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Stories of Success… John Morris

Contact Author Maggie Connelly

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When it comes to running a successful spa, there are a number of elements that need to be accomplished. According to John Morris, general manager of Sundara Inn and Spa, running a successful spa boils down to three things. Skin Inc. sat down with Morris to learn about these three elements to spa success, how he learns more from mistakes than successes, how he enjoys growing the careers of his employees and how his favorite part in the spa is exceeding expectations of his clients.

Skin Inc. (SI): How did you get started in the industry?

John Morris (JM): I worked in the hospitality industry for several years. The property I was working at had considerable turnover in the spa director position. As a consequence, the CEO asked me to consider running the spa. At the time, I received massages, as I used to play tennis, but that was really all I knew about the spa. The CEO explained how he felt I would be a good fit because the staff liked me and I understood the guest profile. I had a lot to learn, but I fell in love with it from the very beginning.

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SI: Who were your greatest mentors?

JM: Two previous general managers Lindsey Markham and James Rester provided leadership skill knowledge. Another mentor was spa consultant Jane Segerberg, a previous chairwoman of iSpa. I learned a great deal from all of them in reference to the spa industry skill set acumen.

SI: What do you enjoy most about the spa industry?

JM: I truly enjoy exceeding the expectation of our guests. I love providing an oasis of tranquility and well-being for guests and wonderful career opportunities for our employees. I love when clients leave and tell me that they can’t wait to return. This gives me a psychic income; it makes me feel happy that people enjoy coming to the place I work. I also love that we can provide well paying jobs with flexible incomes to our employees.

SI: What do you believe is important for running a successful spa?

JM: I think it is extremely important to work hard and always display the highest standards of morality and integrity in interacting with guests and employees. You have to maintain the three legs of the stool: the interest of your guest, the interest of your employees and the interest of ownership.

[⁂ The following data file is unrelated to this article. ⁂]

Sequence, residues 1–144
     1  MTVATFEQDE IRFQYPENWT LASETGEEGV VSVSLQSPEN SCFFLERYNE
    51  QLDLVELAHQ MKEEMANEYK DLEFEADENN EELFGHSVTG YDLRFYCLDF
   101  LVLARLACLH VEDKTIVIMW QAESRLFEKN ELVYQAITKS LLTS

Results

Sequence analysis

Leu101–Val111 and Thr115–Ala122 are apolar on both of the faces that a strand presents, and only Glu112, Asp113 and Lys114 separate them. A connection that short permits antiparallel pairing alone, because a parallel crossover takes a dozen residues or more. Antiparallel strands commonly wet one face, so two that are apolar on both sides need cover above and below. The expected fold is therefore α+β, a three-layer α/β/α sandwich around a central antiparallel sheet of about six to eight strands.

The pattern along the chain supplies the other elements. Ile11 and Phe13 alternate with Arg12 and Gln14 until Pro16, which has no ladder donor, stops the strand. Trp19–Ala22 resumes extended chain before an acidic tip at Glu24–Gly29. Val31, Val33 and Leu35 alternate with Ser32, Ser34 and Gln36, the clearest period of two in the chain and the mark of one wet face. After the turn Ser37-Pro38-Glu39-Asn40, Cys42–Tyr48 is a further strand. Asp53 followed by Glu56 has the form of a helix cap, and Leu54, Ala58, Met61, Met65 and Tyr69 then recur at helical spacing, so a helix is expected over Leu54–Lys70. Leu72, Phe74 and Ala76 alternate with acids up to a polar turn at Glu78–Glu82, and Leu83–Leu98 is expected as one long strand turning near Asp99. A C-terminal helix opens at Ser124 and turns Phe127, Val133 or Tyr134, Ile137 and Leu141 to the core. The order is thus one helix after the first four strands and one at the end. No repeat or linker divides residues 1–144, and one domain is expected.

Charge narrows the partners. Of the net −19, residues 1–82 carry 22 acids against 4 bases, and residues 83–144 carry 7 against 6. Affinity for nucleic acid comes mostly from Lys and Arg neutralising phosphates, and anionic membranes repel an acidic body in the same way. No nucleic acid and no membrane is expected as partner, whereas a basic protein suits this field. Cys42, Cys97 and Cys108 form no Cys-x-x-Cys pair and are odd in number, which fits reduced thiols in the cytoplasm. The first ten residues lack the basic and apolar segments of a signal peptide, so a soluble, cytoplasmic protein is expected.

You have to make a compelling reason to the guest for them to come back by listenening to their requests on what they would like to see differently. When your guest gives you feedback, they are doing you a favor in giving you an opportunity to turn things around. Next, happy employees equates to satisified guests which grows revenue. You have to make decisions on what is best for the spa overall, while keeping it an enjoyable and positive atmosphere. Finally, the ownership has made a significant investment and they expect a return, so it is imporatant to run your spa as a business.

SI: What has your greatest accomplishment been so far?

JM: There are seven different people who are now spa directors or fitness directors who worked with me in the past. We still stay in touch and catch up. I learn from them, and they learn from me.

SI: Where do you see the spa industry heading?

JM: I see the spa industry continuing to transition from frivolity and pampering to being a service of therapeutic necessity. I like to say that wellness is an aspect that you partake in every day of your life from eating, to exercising to reducing stress. There is a lot of new concepts that have been introduced to the spa world, like the salt room we recently put into Sundara Spa. You see more treatments like this that are becoming integrated into the spa world.

SI: What is the greatest change you have seen in the spa industry?

JM: First of all, is growth. When the spa industry first really started, it was more of an amenity, and now it is becoming a necessity. Specifically to resorts, you see Inn and Spa more often than not because it is becoming an important part of the experience.

SI: What was on of the biggest lessons you learned?

JM:The key to being a successful spa director is to develop your leadership skills as the spa industry is such a complex people business. Guests have higher expectations now than ever, so you need to fine tune your listening skills to your guests and your employees. I always think that what I learned a lot from in my career is my mistakes. When you don’t handle a situation well, you learn from it. I think you learn just as much from your mistakes as you do your successes.

SI: What advice would you give a new spa owner?

JM: I would tell them that this is a people business and advise them to hire the best people. Thoroughly research the people you are bringing in. You need to hire the right people, and you need to train them. Also, don’t micromanage your staff. Let them learn, trust them and let them grow. Give them the tools they will need to improve as leaders and managers in the industry. I would also advise that they learn the subject matter details and to embrace change and welcome the unknown. You have to be able to adapt.

SI: If you could go back in time and tell yourself one thing what would it be?

JM: I would have told myself to enter the spa industry earlier in my career as I love this vocation.

SI: What do you do in your free time?

JM: While free time is a bit of an oxymoron, I love to spend time with family, play sports, read and travel. I also like to do some volunteer work when I can.